Best PC Specs to Speed up Excel/VBA Calculation

  • Hello,


    Apologies if this is not the right place to post this question, but I couldn't find a better suited sub-forum. I deal with fairly large (sometimes up to 150 Mb) and complex Excel spreadsheets on a daily basis. This data is manipulated using both built-in formulas and VBA routines. Excel is my company's default tool because that's what the clients prefer to see and use, but we also use Access and occasionally SQL Server if necessary to do the work.


    Unfortunately, some of our VBA routines are starting to take forever to run in the new Windows 8/Excel 2013 environment, and with the source Excel files constantly growing in size it was decided to purchase a new desktop machine that we can use to tackle especially large files or complex models. Would anyone have suggestions as to the PC I should be looking into, which processor/memory are the best? The company is ready to make a pretty significant investment into this, so I am natually interested in what's best on the market.


    Thanks in advance!

  • Re: Best PC Specs to Speed up Excel/VBA Calculation


    Have you isolated what parts of the VBA code are taking excessive time to run? There are many things that can be done to speed up most VBA code. It my be sufficient improvement can be made there. I leave it to others to suggest PC specs.

  • Re: Best PC Specs to Speed up Excel/VBA Calculation


    Derk is absolutely right, I've seen code on this forum alone that has improved from about 1.5h runtime to just under 5 mins, using the HIRE HELP forum will be cheaper still than purchasing a new machine.


    Only advice I've ever had in terms of spec for Excel is to get an intel processor - apparently they're better at "number crunching" and more suited to spreadsheets and/or code that is running complex calculations.


    Hope that helps :)

  • Re: Best PC Specs to Speed up Excel/VBA Calculation


    Quote from S O;728294

    Derk is absolutely right, I've seen code on this forum alone that has improved from about 1.5h runtime to just under 5 mins, using the HIRE HELP forum will be cheaper still than purchasing a new machine.


    Only advice I've ever had in terms of spec for Excel is to get an intel processor - apparently they're better at "number crunching" and more suited to spreadsheets and/or code that is running complex calculations.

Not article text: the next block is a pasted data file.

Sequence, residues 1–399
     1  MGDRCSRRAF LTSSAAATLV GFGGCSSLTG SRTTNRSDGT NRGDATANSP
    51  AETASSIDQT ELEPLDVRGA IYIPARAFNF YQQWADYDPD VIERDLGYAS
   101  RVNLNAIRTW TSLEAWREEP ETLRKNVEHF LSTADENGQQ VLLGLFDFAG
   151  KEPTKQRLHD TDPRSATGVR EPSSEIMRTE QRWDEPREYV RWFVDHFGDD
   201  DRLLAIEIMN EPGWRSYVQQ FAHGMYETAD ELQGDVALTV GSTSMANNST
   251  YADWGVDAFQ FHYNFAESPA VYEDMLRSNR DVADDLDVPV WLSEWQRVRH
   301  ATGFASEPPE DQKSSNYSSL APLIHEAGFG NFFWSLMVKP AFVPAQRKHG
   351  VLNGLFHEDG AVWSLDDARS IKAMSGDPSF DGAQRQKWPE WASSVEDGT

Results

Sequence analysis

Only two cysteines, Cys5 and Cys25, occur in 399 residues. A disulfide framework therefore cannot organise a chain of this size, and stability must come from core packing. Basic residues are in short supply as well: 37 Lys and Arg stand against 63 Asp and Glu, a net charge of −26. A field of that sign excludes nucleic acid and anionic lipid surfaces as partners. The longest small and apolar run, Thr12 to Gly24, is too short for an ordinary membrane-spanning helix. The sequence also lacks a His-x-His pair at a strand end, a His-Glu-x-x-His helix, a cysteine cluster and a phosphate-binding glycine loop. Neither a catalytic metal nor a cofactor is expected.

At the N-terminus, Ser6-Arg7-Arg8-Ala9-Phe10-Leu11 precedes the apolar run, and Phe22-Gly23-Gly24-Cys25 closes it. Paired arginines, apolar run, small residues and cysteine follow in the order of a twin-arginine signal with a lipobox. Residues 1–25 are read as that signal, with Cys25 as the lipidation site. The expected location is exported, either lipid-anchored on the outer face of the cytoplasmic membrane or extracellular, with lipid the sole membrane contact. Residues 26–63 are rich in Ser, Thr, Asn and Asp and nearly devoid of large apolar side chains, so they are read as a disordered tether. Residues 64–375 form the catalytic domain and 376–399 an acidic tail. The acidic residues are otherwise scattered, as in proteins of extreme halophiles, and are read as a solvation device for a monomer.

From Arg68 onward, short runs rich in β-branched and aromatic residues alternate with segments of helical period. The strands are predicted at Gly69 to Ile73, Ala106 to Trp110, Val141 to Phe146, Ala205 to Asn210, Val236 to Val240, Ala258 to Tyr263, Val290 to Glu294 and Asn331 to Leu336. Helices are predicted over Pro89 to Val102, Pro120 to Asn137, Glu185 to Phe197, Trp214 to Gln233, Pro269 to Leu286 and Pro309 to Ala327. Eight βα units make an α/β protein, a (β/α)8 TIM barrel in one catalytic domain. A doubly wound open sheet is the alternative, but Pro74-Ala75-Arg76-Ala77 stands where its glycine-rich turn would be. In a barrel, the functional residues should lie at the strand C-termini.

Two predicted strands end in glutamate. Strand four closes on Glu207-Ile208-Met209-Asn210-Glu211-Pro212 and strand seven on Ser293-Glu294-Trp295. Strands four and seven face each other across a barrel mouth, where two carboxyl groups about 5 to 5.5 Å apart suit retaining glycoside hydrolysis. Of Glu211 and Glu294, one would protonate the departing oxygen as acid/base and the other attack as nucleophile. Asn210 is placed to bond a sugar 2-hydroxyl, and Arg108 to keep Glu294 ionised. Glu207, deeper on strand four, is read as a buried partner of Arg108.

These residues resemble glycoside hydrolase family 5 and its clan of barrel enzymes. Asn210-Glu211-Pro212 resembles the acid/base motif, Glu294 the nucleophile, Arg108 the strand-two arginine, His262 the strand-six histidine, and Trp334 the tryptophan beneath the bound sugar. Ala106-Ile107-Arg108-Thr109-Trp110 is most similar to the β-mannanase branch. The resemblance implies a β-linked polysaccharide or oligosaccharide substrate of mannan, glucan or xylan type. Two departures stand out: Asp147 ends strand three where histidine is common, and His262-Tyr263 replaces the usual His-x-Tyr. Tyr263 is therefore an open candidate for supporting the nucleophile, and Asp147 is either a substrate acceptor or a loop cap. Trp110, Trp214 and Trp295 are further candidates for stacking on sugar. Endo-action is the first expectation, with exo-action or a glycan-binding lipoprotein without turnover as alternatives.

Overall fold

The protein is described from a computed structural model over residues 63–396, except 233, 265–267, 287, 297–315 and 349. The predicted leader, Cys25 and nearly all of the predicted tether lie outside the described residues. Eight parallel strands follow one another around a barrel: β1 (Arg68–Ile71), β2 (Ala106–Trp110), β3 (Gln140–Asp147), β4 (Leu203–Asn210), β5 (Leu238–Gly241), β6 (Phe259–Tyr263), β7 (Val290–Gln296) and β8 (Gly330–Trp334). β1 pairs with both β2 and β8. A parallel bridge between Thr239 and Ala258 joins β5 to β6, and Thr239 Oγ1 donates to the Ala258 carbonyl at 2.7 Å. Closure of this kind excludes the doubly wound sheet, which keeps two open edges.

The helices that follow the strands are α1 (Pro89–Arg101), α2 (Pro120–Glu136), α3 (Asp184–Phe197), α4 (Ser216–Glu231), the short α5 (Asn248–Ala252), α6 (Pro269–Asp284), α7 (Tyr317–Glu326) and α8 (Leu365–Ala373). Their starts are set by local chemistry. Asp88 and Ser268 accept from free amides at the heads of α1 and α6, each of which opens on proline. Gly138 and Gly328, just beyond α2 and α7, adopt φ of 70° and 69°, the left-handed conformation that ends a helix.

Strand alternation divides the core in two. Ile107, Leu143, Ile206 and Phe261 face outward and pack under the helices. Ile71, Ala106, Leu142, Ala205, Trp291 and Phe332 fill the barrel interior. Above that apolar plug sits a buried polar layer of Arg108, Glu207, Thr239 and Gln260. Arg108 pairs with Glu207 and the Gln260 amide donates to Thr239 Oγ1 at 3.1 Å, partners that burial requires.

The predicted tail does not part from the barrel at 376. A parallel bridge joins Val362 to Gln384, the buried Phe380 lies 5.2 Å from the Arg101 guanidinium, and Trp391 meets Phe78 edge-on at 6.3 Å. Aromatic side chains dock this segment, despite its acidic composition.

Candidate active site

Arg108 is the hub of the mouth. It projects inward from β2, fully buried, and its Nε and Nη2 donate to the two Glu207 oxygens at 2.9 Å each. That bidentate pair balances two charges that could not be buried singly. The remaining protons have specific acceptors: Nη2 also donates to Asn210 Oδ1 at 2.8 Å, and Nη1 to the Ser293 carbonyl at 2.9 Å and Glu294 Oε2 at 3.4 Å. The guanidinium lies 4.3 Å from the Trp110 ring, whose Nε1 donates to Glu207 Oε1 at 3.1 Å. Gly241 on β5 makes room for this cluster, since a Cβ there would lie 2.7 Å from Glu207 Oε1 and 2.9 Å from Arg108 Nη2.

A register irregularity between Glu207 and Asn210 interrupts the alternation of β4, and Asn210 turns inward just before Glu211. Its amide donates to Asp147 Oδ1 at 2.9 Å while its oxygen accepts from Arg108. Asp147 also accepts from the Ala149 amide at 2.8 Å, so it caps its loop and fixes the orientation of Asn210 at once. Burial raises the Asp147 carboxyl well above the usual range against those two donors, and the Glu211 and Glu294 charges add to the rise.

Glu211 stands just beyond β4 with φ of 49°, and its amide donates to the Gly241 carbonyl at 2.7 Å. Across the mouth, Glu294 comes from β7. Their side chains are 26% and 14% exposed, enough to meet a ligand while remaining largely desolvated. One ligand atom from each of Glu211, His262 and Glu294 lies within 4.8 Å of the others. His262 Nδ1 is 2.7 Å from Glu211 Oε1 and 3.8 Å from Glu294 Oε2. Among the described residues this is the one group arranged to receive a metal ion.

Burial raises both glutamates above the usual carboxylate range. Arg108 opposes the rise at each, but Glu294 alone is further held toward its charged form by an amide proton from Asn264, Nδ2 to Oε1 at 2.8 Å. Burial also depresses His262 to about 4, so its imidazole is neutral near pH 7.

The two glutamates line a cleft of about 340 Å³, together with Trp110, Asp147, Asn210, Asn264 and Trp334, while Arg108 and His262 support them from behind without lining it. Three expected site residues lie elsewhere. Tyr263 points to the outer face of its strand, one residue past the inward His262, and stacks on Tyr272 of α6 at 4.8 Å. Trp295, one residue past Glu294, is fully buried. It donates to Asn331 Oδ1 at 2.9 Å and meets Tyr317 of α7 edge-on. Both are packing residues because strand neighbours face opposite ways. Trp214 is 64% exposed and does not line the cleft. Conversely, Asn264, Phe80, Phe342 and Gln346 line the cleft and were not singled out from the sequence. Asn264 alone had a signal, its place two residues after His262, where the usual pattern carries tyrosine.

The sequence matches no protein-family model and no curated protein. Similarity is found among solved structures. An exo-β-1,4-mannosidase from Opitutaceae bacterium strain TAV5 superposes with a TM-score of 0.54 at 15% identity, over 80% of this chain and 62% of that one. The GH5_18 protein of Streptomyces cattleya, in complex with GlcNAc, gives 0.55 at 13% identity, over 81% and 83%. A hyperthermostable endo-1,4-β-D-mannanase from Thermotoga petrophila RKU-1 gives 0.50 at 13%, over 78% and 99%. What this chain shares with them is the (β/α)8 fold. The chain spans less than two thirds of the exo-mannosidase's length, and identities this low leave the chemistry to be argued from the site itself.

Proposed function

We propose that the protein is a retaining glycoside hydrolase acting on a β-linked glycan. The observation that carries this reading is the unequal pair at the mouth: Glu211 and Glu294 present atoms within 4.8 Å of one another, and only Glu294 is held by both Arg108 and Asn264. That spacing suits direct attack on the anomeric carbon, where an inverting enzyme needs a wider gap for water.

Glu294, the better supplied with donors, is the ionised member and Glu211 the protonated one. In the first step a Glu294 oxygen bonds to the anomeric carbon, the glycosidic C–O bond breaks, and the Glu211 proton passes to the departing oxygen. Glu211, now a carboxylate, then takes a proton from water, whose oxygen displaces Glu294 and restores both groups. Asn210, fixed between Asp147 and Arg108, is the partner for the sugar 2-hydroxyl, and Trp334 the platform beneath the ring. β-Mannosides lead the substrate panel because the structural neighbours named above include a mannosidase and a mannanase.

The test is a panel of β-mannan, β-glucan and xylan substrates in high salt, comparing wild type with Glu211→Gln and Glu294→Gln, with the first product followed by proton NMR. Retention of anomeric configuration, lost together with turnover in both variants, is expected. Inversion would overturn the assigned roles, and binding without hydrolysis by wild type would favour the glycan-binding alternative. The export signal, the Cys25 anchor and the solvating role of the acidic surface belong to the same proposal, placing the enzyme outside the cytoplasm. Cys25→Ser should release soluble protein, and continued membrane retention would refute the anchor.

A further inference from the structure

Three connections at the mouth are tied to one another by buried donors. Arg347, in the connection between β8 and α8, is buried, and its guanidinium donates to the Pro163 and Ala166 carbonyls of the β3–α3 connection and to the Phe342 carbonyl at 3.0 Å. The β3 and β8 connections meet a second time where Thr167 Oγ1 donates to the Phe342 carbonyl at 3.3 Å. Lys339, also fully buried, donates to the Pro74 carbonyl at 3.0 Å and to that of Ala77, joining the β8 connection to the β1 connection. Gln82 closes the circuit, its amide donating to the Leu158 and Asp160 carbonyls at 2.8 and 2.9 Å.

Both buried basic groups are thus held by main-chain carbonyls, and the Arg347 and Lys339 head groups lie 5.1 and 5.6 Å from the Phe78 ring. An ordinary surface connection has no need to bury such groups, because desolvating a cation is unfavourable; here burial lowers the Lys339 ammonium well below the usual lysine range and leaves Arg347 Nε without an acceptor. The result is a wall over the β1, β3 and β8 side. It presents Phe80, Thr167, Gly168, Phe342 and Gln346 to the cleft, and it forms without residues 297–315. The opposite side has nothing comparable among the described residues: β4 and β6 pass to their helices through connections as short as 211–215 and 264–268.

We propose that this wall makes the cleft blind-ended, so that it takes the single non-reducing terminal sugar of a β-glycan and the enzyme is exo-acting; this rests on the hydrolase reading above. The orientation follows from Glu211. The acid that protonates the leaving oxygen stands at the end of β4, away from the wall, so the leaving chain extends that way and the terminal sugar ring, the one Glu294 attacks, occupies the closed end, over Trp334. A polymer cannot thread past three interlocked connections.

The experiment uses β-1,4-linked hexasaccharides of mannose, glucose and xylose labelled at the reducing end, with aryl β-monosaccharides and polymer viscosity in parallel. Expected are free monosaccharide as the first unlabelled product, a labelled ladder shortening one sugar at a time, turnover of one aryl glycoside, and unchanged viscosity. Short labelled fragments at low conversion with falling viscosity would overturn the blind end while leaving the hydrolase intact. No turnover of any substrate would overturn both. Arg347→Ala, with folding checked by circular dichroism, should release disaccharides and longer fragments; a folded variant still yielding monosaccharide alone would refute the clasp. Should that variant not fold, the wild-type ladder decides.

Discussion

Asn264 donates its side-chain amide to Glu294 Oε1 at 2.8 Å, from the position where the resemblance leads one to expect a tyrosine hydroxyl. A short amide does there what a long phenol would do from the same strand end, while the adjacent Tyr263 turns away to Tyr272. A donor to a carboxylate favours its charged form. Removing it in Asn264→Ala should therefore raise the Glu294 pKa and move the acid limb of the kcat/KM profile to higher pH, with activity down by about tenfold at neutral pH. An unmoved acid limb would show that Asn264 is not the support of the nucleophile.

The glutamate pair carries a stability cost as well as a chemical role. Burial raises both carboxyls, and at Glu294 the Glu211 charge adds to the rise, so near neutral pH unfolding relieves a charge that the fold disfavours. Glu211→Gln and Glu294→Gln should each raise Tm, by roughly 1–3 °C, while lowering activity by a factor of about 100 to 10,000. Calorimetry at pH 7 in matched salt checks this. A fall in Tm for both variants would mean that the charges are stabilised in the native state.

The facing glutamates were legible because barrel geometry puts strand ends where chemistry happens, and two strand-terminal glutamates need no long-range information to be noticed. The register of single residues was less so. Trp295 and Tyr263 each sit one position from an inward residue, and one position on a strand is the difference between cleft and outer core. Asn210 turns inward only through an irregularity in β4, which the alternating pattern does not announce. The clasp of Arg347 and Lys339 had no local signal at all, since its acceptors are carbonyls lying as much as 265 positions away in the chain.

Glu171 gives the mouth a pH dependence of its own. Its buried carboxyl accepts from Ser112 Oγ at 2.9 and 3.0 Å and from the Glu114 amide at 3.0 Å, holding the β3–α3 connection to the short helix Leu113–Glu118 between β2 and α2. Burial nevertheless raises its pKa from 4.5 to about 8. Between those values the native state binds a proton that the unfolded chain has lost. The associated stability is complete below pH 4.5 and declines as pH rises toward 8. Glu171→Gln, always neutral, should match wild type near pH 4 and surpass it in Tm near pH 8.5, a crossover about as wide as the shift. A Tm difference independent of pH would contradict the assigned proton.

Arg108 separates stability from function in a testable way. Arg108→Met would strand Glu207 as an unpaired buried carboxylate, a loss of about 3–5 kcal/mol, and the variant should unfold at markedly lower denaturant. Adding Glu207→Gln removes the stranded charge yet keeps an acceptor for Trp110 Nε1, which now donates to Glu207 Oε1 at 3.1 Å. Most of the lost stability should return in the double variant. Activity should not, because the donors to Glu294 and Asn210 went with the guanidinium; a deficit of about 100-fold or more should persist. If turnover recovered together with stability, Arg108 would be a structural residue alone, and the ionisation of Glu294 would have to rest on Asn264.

Hope that helps :)


    Thank you both for a speedy reply! Unfortunately, I believe the code is as efficient as it can get - it's mostly the size of the files and the nature of the work. For instance, some of the code needs to make a simple update, but it affects a lot of files, or needs to consolidate a lot of workbooks into one or push the data back to multiple files, or just deals with a massive amounts of lookup formulas etc. I am not sure there's anything that we can improve in that department - unless there's an option to pull or write data in Excel without opening the file that I'm not aware of? And thanks for the suggestion, I will look into intel processors for sure!

  • Re: Best PC Specs to Speed up Excel/VBA Calculation


    Quote

    unless there's an option to pull or write data in Excel without opening the file that I'm not aware of?


    As an example.. you could create an array of all your Workbooks and 'open' them in the background using GetObject..


    I wouldn't suggest spending a cent on hardware until you optimise your code (or at least get others opinion on its efficiency)..


    Even if you invested some cash via the Hire Help Forum as SO has suggested.. you would undoubtedly get some improvements on your code that would warrant the investment..

  • Re: Best PC Specs to Speed up Excel/VBA Calculation


    It is possible to read and write data using ADO without opening the workbook per se, though it may not actually be any faster. IMO, GetObject isn't likely to be any more efficient than Workbooks.Open since it still opens the file as a workbook in Excel.


    You mention lookup formulas - these are often the cause of performance bottlenecks but can be massively optimised if you sort your data.


    Beyond that, you may want to look at 64bit Office - unless you use ActiveX controls that are not from the MSForms library, or incompatible add-ins - so that you can throw RAM at the problem as well as getting the fastest Xeon processor(s) you can.

    Rory
    Theory is when you know something, but it doesn’t work. Practice is when something works, but you don’t know why. Programmers combine theory and practice: nothing works and they don’t know why

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